And the beauty in TDD is how flexible it is. If colors and visuals are more important, you start defining those for your product and testing. Testing can happen via machine or it can happen via showing prototypes and sketches to people and capture their insights.
You are still testing more at the end, but you started from quality first.
While there is more technicality to be consider if you are adopting TDD for software (when and how to code those tests, for example), I hope at least in the concept you can transpose it to any type of team. Start anything from the user perspective first and work backwards to satisfy that perspective.
It is literally about two people creating code in pairs. As the technique got adopted outside of software, the name Pairing became more largely used. In Pairing both people work on an item, on an activity, a task, 100% together.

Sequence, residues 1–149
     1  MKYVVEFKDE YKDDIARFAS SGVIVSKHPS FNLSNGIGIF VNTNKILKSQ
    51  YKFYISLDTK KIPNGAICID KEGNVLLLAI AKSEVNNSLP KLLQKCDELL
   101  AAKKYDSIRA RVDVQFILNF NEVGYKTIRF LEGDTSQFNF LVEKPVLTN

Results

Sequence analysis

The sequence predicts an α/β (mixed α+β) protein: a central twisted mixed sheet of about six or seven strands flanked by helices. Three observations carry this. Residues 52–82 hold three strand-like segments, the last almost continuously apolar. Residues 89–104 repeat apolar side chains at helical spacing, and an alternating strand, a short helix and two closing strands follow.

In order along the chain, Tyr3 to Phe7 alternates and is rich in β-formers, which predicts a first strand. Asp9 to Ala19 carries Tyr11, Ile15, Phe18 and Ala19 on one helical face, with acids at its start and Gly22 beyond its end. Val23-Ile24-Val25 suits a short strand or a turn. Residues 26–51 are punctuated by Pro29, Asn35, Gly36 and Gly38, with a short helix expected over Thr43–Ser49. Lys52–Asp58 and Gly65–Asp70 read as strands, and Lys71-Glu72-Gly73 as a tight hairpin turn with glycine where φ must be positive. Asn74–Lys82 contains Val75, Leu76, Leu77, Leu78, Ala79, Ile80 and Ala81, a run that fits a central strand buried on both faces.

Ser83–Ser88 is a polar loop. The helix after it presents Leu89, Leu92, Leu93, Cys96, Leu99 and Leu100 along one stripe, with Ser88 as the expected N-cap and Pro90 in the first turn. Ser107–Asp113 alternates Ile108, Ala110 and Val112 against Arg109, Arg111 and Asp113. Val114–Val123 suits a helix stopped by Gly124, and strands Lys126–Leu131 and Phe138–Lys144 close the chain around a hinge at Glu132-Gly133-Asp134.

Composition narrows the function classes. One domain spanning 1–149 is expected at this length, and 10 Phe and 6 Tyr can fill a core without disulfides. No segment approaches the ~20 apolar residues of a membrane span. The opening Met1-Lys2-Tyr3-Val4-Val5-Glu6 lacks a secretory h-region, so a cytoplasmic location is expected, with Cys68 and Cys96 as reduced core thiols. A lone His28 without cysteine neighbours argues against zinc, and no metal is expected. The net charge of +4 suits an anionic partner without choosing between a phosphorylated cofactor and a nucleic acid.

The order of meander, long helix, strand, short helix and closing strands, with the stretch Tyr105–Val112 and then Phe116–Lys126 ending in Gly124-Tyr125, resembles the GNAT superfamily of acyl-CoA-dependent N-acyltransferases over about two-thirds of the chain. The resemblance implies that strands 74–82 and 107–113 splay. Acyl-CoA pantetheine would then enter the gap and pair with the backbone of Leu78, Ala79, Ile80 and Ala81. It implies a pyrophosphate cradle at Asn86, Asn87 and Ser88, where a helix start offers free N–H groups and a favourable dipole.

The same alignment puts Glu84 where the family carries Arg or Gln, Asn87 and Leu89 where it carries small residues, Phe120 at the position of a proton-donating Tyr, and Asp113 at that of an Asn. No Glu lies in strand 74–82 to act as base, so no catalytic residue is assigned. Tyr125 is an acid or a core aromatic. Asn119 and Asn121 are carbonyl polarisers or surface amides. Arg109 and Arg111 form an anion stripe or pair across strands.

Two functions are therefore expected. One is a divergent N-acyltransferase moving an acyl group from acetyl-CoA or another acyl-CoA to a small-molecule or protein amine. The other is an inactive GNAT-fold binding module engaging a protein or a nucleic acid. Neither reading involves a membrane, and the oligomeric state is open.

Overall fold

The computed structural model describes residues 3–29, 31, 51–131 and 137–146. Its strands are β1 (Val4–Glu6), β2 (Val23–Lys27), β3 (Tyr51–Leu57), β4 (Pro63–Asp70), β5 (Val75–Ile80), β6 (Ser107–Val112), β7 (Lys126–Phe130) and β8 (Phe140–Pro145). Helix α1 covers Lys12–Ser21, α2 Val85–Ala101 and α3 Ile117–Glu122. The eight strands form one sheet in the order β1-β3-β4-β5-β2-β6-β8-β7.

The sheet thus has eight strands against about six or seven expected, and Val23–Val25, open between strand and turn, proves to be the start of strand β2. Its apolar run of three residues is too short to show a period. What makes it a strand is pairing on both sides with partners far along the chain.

Pairing is the ultimate exercise of "two heads are better than one". You are getting more ideas at once. You are adding quality because the pair is critiquing each other's ideas as they experiment with them. It is a great review-in-the-moment technique. Makes not only for more quality, but for more efficiency in the end. It definitely beats the "I do now, you review later".
Not only that, Pairing is twins with the idea in XP that the ownership of the product being developed (code, back then) is collective. The whole team owns it. Therefore, it is everybody's fault and everybody's glory. Everybody is invested and pitches for improvements. It's not the first idea in the head of a lonely person working late on a Friday night that wins. Pairing invokes collaboration and negotiation form the two parties. That is very conducive to better results.
Take the next complex activity that needs doing in your team, and do it in pairs. I am sure that all the disagreements and awkwardness of the beginning will be a huge payoff in the end for the product.
While not invented in XP, it was definitely a rule of thumb in XP. Refactor often. Refactor is not rework; it is a necessary element and a technical implementation of continuous improvement.